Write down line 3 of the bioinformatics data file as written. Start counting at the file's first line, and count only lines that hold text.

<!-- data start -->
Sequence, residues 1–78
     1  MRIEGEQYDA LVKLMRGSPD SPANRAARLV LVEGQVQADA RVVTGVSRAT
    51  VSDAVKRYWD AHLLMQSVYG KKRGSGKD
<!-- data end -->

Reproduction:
    51  VSDAVKRYWD AHLLMQSVYG KKRGSGKD